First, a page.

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Nominee for next US ambassador to Malaysia sees rare earths potential

Edgard Kagan says developing new sources for critical minerals to ensure reliable supply chains is a very high priority for the Biden administration.

Reuters
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This picture taken on Feb 3, 2012 shows workers at the site of the under construction Lynas plant in Gebeng, some 270km east of Kuala Lumpur. Photo: AFP
This picture taken on Feb 3, 2012 shows workers at the site of the under construction Lynas plant in Gebeng, some 270km east of Kuala Lumpur. Photo: AFP

The nominee to be the next US ambassador to Malaysia said on Tuesday he saw the potential for the US to expand cooperation with the Southeast Asian country in diversifying supply chains for rare earths and other critical minerals.

Edgard Kagan, a career diplomat who is currently the senior official for East Asia at the White House National Security Council, told his Senate confirmation hearing that developing new sources for critical minerals to ensure reliable supply chains was a very high priority for the Biden administration.

"The importance of working on these arrangements with countries where we have good relationship ... is absolutely critical," he said, adding: "I think that we have real potential to do that in countries like Malaysia."

"I would want to work closely with the American private sector, with different parts of the US government, and with the Malaysian government to ensure that we're able to continue expanding the areas of cooperation in this, support development of resources," he said.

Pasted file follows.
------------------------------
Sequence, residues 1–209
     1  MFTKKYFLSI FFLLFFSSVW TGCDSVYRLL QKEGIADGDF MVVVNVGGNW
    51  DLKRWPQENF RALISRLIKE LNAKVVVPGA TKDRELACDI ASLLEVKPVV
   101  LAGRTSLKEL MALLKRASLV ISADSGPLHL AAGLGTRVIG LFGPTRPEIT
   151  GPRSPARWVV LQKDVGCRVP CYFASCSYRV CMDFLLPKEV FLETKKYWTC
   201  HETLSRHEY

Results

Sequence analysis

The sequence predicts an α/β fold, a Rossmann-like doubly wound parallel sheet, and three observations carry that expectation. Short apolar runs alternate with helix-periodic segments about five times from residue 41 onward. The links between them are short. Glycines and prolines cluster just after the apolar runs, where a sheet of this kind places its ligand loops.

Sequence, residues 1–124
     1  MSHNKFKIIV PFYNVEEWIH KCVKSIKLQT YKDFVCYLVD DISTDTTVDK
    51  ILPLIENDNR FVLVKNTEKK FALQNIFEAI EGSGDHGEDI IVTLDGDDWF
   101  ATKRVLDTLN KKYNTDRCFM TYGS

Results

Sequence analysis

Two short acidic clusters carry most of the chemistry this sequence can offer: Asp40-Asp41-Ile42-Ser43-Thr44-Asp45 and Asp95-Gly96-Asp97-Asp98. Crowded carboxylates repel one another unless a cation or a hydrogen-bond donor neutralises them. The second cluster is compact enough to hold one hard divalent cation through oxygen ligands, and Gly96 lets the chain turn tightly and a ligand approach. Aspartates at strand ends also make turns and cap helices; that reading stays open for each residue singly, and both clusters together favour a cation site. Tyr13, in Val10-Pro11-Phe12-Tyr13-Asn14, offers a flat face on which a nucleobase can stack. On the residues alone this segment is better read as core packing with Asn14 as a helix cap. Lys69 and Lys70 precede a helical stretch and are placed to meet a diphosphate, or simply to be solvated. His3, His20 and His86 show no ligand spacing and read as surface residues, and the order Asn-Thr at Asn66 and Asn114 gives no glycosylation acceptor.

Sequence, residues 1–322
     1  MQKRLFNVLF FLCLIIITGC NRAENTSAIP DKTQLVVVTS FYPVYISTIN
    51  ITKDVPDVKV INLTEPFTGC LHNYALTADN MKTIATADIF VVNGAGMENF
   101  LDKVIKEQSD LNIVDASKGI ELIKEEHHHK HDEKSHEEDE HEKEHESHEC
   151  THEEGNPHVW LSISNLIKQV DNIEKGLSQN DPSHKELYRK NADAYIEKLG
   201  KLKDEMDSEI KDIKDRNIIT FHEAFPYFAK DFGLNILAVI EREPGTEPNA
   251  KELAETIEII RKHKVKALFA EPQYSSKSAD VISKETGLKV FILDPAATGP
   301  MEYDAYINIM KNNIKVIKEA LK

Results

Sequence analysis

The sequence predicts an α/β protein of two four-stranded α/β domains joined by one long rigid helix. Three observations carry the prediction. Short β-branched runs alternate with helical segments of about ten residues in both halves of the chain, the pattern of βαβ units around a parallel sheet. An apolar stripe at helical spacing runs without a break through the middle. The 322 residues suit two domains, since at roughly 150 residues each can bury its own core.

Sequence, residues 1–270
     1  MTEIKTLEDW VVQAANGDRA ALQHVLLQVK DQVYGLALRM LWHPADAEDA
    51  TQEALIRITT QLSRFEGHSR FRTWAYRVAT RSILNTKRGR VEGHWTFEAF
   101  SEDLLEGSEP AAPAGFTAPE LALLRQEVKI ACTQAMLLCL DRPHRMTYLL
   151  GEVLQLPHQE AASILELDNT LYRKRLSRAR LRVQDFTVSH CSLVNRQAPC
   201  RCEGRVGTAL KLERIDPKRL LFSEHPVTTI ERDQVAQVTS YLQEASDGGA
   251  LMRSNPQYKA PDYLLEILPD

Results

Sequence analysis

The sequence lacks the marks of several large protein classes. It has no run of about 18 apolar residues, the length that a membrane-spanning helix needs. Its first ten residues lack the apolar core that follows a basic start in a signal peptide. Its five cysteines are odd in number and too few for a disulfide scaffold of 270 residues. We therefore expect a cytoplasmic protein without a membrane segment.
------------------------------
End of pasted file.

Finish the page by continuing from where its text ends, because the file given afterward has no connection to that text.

Kagan said this would be done in partnership with Malaysia "in ways that are sustainable and promote our values," but did not elaborate on exactly what form the cooperation might take.

He was responding to a question from US senator Chris Van Hollen, who described Malaysia as being home to the largest rare-earths processing plant outside of China. Van Hollen said recent reports showed Malaysia was also home to deposits of strategic and critical minerals including tin.

China is the dominant global producer of rare earths needed to fuel the green revolution of electric cars and wind turbines as well in as defense applications such as missile production. The US and its allies have been seeking to diversify sources of supply amid mounting strategic competition with Beijing.

Australia's Lynas Rare Earths Ltd has facility in Malaysia that it describes as one of the largest and most modern rare earths separation plants in the world.

The government has raised concerns about radiation levels from the process of cracking and leaching at the plant, but agreed last month to extend its operating license to import and process rare earths until Jan 1 next year.

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